Pupils Who Have Yet to Unfold Their Wings
Christian Science Monitor, 4/17/13
“Early childhood education, or pre-K (pre-kindergarten) has been the new big thing in educational circles for a few years now. So when President Obama mentioned preschool earlier this year, Harvard’s Graduate School of Education took note.”

Girl Rising
The Harvard Independent, 4/17/13
“On March 8th, International Women’s Day, The Harvard Graduate School of Education presented a screening of the documentary Girl Rising. The film delineated the story of nine brave girls from nine different countries who were – against all odds – fighting to make an impact.”

Teachers: Will We Ever Learn?
New York Times, 4/12/13
“But while there have been pockets of improvement, particularly among children in elementary school, America’s overall performance in K-12 education remains stubbornly mediocre,” writes Assistant Professor Jal Mehta.

Influences that Derail Student Learning
TribLive, 4/12/13
Richard Weissbourd, a lecturer in education at the Harvard Graduate School of Education, is showing — through research in a range of classrooms — how teachers, principals, school boards and legislators can rescue such kids from dead-end lives before they give up on schools.”

‘Rethinking Pell Grants’: Group Suggests Separate Pathways for Younger Students and Adult Learners
Chronicle of Higher Education, 4/9/13
“The group’s report, “Rethinking Pell Grants” … was released by the College Board on Tuesday. At first, the group of 14 experts—who also included Bridget Terry Long, a professor at the Harvard Graduate School of Education, and Donald Saleh, senior vice president for enrollment management at Syracuse University—did not expect to reach a consensus, but instead to make several broad proposals, said Ms. Baum. In fact, they quickly agreed on the two distinct pathways, she said.”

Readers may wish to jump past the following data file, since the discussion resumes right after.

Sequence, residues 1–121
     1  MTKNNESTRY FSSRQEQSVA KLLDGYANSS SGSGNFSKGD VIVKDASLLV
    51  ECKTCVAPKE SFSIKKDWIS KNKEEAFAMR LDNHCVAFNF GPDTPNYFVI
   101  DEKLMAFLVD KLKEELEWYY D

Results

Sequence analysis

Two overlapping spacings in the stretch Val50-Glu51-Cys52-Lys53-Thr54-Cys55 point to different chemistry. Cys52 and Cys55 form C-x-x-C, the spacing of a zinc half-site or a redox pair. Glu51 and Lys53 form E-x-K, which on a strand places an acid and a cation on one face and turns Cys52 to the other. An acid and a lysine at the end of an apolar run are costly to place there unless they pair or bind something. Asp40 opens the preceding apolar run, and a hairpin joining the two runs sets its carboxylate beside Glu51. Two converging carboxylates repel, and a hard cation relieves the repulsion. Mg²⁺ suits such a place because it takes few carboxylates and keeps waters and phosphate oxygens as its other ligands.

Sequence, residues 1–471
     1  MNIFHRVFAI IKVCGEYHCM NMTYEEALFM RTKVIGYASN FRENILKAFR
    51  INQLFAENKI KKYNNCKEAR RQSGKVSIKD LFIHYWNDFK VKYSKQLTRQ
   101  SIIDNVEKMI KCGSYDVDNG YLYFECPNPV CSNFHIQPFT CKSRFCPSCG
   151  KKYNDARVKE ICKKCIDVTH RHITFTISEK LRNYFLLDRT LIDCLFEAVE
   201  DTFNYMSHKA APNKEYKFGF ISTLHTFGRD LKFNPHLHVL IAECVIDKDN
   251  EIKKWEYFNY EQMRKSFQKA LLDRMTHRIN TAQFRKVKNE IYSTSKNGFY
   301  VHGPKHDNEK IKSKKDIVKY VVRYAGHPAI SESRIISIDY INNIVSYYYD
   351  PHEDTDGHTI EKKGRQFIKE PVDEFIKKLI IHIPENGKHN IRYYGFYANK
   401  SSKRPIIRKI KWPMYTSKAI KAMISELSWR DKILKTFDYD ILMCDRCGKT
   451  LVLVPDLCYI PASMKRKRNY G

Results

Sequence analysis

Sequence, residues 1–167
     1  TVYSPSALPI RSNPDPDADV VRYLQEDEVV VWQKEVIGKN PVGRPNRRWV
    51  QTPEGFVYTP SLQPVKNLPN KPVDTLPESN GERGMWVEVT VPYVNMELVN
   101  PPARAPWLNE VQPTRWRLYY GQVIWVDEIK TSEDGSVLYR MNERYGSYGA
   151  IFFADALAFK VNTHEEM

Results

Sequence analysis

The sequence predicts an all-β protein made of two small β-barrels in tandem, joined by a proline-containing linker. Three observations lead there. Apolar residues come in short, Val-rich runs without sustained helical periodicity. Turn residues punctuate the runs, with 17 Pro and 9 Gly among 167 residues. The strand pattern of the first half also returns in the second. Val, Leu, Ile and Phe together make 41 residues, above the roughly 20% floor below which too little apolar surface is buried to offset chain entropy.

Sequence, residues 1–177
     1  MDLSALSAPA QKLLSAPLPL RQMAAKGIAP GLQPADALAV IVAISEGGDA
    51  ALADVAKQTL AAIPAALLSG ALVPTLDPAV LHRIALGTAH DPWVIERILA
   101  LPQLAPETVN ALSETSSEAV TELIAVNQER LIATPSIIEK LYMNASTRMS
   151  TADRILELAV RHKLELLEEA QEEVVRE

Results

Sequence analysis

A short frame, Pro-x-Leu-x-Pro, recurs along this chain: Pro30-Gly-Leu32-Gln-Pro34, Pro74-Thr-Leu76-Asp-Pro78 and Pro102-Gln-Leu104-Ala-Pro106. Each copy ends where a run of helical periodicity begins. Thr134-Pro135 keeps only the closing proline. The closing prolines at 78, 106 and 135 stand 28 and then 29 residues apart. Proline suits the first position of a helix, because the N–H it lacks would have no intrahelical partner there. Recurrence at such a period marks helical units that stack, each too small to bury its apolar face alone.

Fine-tuning Online Education
Harvard Gazette, 4/8/13
“‘The world of online education challenges us as instructors to make our teaching good enough to show to the entire world. But part of the HarvardX mission is to make sure that we are having an impact on our students on Harvard’s campus as well — this is not just about how we can distribute our lectures around the world but how we can improve our practice for our students here,’ said [Assistant Professor] Andrew Ho, research director of HarvardX.”

Teacher Knows if You’ve Done the E-Reading
New York Times, 4/8/13
Chris Dede, a professor of learning technologies at Harvard’s Graduate School of Education, is more apprehensive. He believes analytics are important in the classroom, but they must be based on high-quality data. ”

James Meredith to Accept Harvard’s “Medal of Education Impact”
WJTV.com, 4/7/13
James Meredith, the man who broke the color barrier at the University of Mississippi … will not only speak at the convocation for the Harvard Graduate School of Education – he will also accept ‘The Medal for Education Impact’ which honors people who have made a lasting difference in education.”

Lessons from the Long-Lived
Harvard Gazette, 4/4/13
“‘It’s something a little bit embarrassing for me,’ Pillemer told a crowd at the Harvard Graduate School of Education on Wednesday, as he described his work in areas involving chronic pain, elder abuse, Alzheimer’s, dementia, and problems of family care giving.”